Monday, March 12, 2007

underestimating the credit crunch?

I was thinking over the weekend about the subprime crisis. Why is it imploding now? And what does that mean for the overall economic picture?

Then I came across Susan Bies' comments about the coming wave of subprime defaults. The picture started to make sense to me. The subprime crisis really started in 2003 and we are just seeing the tip of the iceberg as asset prices come in. Its easy to loan people money to buy assets that keep rising in value, even if they have no income. But when they stop rising, the cracks show.

I believe that this is the beginning of the end of the liquidity glut that pushed risk spreads to historically low levels. We will probably see something of an overcorrection, which means that consumer debt will be harder to get for some time in the future. Mortgages and car loans have been fueling the consumer for some time. If we see rising risk premia for even marginal consumers it could have a severe impact on growth.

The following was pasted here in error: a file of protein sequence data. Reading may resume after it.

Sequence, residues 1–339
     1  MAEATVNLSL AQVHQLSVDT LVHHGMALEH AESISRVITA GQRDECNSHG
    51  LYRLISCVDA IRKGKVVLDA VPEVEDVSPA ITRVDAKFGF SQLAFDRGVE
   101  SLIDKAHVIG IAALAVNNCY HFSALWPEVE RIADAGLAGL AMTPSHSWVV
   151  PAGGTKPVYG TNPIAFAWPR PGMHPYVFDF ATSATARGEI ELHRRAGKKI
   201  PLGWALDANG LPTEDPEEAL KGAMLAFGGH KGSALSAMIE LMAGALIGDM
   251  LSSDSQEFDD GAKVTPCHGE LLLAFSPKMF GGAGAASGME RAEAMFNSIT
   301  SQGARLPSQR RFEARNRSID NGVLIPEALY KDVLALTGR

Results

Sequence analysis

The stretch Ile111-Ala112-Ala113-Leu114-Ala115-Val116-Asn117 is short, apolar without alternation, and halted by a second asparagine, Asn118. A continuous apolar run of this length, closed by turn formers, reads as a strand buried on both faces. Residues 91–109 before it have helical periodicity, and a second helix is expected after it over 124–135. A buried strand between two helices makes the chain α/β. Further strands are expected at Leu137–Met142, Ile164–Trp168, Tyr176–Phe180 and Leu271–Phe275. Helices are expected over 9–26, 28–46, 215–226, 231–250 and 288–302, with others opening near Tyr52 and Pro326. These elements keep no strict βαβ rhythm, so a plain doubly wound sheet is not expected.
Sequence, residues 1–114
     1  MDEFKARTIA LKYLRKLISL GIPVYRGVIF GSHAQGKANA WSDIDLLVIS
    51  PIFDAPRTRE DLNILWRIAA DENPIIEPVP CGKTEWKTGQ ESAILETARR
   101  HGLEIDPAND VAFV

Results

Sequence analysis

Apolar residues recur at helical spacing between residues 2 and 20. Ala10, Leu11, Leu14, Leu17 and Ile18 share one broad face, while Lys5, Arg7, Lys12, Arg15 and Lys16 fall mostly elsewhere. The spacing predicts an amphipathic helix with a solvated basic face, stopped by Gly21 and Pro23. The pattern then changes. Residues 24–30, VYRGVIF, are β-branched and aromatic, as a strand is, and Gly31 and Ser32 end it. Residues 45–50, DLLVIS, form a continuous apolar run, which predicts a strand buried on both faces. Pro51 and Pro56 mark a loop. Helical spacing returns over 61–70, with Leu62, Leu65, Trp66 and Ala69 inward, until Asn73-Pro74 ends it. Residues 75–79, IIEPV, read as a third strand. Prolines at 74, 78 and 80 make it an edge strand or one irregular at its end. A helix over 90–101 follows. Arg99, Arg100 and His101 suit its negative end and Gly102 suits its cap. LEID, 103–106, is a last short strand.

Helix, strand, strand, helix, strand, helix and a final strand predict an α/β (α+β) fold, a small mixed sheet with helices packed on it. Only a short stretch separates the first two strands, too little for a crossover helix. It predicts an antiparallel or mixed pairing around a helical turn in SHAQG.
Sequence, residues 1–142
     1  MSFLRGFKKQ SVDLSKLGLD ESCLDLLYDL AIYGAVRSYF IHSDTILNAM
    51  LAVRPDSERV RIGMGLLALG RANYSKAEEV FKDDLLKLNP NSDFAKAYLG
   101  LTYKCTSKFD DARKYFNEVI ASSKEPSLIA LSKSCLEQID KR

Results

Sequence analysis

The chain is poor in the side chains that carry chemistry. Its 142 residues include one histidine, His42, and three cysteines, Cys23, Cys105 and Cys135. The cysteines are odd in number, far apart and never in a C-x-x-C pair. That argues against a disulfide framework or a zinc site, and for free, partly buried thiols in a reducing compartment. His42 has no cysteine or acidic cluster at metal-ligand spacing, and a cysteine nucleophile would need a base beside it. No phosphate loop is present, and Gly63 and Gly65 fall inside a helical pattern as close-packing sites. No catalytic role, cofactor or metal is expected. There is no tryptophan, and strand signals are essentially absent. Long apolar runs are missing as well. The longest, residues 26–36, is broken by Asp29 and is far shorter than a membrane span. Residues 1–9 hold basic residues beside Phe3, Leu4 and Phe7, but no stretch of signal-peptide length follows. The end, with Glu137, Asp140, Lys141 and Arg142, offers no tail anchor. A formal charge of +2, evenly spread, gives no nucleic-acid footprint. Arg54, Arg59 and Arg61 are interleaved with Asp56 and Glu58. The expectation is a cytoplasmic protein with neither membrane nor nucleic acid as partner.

I doubt that a subprime implosion will have much of an impact on balance sheets, but I think this could put our expansion at some risk. We're already looking like we're in the latter part of the cycle. This credit crunch slowdown is probably what the inverted yield curve has been pricing in for the past 18 months.

A vigilant Fed could bring the consumer back with a couple of quick rate cuts. I think we'll need to show some more cracks before Bernanke can act. I am staying defensive here.

No comments: